THE statistical rise in children and young people’s mental health problems is staggering.
According to a Royal College of Psychiatrists study, since the pandemic began 18 months ago, the number of children and young people developing mental health issues has risen by 134 per cent compared to last year.
Nearly half a million have sought help, with thousands requiring crisis emergency care.
The reasons for this significant increase range from the disruption to school and family life to loss and bereavement due to Covid-19, and uncertainty and anxiety about the future due to factors such as economic hardship, climate change and the pressures of social media.
While we cannot be under any illusions about the pressing nature of this challenge and the awful impact it has on children, young people and carers, we also know that if help is given at the right time, the ability of children to recover well is considerable and can have long-lasting positive effects throughout their lives.
There is an urgent need for the government and policy makers in the NHS to recognise that we cannot have a healthy nation and healthy adults, without having healthy children.
Paying attention to their mental health has an impact beyond mental wellbeing alone – it leads to good physical health, as well as productive, fulfilling adult lives.
As the great poet Rumi said, “Maybe you are searching among the branches for what only appears in the roots” – the importance of strong foundations during childhood with good mental health and wellbeing cannot be under-estimated.
The ethical, economic and evidence-base case for investing in our children’s mental health has never been greater.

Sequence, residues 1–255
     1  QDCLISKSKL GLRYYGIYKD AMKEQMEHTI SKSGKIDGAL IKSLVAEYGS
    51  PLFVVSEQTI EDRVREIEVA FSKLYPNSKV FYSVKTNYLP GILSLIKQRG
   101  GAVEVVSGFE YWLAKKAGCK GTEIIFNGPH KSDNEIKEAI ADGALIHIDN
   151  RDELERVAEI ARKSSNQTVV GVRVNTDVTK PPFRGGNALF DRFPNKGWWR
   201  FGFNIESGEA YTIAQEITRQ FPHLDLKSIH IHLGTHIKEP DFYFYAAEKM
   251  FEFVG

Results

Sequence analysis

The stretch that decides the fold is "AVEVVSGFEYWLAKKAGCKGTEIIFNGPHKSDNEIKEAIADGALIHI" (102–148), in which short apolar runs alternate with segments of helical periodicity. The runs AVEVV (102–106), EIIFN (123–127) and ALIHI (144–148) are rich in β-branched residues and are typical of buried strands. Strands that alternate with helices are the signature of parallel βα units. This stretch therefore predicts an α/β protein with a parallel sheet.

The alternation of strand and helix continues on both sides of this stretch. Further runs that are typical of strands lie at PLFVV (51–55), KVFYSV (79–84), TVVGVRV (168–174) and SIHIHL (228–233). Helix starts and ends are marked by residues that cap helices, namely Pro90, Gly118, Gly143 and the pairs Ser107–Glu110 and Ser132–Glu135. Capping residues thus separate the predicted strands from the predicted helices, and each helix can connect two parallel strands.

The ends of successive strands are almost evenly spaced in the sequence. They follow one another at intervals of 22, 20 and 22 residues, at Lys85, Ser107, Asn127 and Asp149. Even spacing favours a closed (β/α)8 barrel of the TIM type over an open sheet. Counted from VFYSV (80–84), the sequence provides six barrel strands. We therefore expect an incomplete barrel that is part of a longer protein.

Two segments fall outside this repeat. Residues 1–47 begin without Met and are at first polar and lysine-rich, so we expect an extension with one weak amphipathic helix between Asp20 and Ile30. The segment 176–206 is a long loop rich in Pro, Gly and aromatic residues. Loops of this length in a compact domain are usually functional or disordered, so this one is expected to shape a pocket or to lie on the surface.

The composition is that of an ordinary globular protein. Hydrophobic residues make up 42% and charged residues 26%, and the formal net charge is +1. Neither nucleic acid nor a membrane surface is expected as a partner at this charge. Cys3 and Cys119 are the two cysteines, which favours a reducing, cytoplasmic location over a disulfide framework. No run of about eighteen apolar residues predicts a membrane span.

We need to look at this as a part of children’s human rights too. The United Nations Convention on the Rights of the Child (UNCRC) gives a good basis for understanding the rights of children across a comprehensive range of measures.
For example, Article 6 talks of the right to life (life, survival and development) and Article 25 (review of treatment in care) enshrines the right to good quality care when children have to be cared away from home for any reason.
The UK is a signatory to the UN convention and we need to hold it to account to ensure that the UNCRC is being implemented in letter and spirit.
We also need to remember that children and young people, when involved and asked to contribute to decision-making about their future, can come up with effective suggestions and solutions to address issues.
We have seen many positive role models and advocates among young people – ranging from Greta Thunberg, Malala Yousafzai, and Marcus Rashford – to all the quiet champions working at various local levels.
We need to learn from the devastation caused by Covid-19 to say, “never again”. Never again can we afford to neglect the rights and needs of children and young people, especially in relation to their mental health and wellbeing.
Global crises can bring about global solutions too and the world needs to act together to safeguard the future of its people by looking after our children.
Dr Ananta Dave is the president of the British Indian Psychiatric Association and works as a consultant child and adolescent psychiatrist.